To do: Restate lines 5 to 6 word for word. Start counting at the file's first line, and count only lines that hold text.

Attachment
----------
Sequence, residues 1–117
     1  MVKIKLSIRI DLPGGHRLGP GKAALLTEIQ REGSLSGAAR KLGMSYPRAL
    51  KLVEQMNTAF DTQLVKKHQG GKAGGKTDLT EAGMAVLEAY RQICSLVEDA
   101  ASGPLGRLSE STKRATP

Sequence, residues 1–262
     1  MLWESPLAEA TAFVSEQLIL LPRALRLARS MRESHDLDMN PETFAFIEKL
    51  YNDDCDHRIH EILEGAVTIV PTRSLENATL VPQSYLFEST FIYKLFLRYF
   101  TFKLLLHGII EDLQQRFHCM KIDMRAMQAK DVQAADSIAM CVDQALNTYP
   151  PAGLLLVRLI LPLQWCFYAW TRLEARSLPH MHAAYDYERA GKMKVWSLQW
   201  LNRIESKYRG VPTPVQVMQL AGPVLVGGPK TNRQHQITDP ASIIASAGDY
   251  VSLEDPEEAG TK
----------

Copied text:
Sequence, residues 1–262
     1  MLWESPLAEA TAFVSEQLIL LPRALRLARS MRESHDLDMN PETFAFIEKL